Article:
01 august

Dozens of women demand annulling changes concerning childcare allowances

Several dozen women who are dissatisfied with the amendments to the Law on Allowances for Temporary Incapacity for Work and other Social Benefits mobilized through a social networking site and mounted a protest in the morning of March 7. They prepared a petition to the Minister of Labor, Social Protection and Family, demanding annulling the changes that are to take effect on April 1, IPN reports.

The women are dissatisfied with the fact that after April 1 they will lose the right to receive childcare allowances until the child turns three if they decide to return to work earlier, with a work program of over 4 hours. Until now they could work for seven hours a day and continued to receive allowances. The women said these changes will make them accept salaries ‘in envelopes’, which is paid illegally, and to leave the children in the care of relatives or to go abroad to work. They also said the authorities do not provide a sufficient number of crèches, while the allowances provided by the state are too small to enable to hire a babysitter.

The protesters also expressed dissatisfaction with the fact that the allowance for maternity leave will be calculated based on the incomes for the last 12 months, not 6 months as now.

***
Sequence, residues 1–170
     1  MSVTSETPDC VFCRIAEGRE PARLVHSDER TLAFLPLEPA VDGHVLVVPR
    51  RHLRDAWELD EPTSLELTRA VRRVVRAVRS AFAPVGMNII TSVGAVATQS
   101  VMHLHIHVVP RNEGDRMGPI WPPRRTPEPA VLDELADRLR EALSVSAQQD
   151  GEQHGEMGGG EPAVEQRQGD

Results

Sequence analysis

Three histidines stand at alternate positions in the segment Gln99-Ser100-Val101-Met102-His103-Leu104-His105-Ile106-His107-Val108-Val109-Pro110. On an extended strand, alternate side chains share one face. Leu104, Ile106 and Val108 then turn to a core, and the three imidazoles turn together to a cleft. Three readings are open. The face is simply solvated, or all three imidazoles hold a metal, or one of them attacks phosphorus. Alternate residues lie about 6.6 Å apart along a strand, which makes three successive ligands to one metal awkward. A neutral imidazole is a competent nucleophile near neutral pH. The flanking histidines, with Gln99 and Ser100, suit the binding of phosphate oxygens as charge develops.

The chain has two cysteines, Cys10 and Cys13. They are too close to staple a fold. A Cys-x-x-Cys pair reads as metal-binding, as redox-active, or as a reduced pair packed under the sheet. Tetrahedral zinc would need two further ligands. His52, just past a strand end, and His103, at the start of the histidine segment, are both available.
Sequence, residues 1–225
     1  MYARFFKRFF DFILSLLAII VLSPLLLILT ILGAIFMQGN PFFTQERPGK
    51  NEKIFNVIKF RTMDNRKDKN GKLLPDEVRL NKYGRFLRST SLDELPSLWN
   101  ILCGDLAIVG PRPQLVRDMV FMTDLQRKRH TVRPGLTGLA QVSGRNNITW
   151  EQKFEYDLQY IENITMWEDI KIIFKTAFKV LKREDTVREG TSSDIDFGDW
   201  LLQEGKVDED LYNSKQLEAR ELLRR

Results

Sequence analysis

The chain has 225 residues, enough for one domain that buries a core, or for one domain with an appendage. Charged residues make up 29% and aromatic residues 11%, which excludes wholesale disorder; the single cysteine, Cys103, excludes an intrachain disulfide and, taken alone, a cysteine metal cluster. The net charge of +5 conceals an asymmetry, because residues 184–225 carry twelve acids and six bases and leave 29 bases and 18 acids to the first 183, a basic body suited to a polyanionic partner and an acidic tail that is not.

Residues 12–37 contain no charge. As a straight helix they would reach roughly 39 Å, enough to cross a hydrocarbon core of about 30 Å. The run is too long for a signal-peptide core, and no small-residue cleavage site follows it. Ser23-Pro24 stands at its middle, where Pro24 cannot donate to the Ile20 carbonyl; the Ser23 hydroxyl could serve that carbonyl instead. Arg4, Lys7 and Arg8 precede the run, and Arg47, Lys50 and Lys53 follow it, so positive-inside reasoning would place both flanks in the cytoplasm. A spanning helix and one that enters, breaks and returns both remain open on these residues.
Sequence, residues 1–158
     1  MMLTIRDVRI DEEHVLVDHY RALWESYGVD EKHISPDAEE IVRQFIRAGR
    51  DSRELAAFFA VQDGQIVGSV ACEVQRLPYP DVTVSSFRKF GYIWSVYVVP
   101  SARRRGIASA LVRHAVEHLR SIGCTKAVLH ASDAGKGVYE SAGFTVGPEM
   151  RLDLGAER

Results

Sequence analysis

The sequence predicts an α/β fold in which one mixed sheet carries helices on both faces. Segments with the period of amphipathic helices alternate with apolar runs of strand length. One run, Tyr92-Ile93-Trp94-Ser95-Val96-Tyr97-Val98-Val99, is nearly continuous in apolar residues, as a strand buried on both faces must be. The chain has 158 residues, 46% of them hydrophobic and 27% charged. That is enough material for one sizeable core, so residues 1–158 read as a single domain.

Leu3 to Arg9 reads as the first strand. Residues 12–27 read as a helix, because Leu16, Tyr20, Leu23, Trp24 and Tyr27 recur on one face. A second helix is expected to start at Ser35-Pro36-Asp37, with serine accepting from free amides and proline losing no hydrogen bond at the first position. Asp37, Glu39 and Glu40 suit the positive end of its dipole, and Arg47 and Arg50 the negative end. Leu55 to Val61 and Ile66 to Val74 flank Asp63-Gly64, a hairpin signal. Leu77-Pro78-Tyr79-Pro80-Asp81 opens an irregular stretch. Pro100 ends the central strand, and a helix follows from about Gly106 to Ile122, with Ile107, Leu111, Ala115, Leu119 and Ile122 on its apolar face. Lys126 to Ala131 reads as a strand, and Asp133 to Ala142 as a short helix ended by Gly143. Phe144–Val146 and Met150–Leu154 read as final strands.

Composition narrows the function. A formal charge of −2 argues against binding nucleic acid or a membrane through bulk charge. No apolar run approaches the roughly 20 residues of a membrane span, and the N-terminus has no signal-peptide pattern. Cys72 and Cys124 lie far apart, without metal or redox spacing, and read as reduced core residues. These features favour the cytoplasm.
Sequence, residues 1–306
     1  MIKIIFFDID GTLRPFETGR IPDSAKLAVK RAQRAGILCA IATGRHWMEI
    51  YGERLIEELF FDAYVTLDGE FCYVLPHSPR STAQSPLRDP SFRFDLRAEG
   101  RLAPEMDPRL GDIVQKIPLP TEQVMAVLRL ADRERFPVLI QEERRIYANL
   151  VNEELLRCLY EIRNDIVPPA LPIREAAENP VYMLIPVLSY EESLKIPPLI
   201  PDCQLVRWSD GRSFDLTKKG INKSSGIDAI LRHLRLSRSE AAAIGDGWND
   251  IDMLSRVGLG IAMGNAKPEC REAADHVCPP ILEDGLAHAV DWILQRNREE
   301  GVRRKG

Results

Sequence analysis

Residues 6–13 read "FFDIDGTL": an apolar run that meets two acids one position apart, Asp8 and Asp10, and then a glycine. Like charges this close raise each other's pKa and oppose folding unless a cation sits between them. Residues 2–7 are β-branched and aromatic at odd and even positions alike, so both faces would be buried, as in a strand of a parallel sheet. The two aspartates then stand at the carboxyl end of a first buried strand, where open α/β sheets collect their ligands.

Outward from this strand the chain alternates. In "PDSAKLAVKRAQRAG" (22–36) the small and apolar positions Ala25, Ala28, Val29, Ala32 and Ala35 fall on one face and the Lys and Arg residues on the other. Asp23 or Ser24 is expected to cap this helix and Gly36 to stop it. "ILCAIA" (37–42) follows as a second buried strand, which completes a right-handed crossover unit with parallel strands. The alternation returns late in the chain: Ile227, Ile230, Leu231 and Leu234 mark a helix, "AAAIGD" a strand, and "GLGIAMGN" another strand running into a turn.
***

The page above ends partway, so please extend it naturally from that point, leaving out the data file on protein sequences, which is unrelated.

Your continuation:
Lucia Grecu, head of the Social Insurance Policy Division, recommended the protesters to create an initiative group for examining their demands. The Ministry of Labor, Social Protection and Family issued a communiqué, saying the state is obliged to guarantee the rights of the payers of social contributions. The adopted changes exclude the possibility of defrauding the system by artificially increasing, for a short period of time, the salaries and cumulative payments so as to have higher allowances.

The Council for the Prevention and Elimination of Discrimination examined the issue and established that the adopted amendments limit access to social benefits based on gender, maternity, age and other grounds. It said the bill wasn’t put up for public debates before being adopted.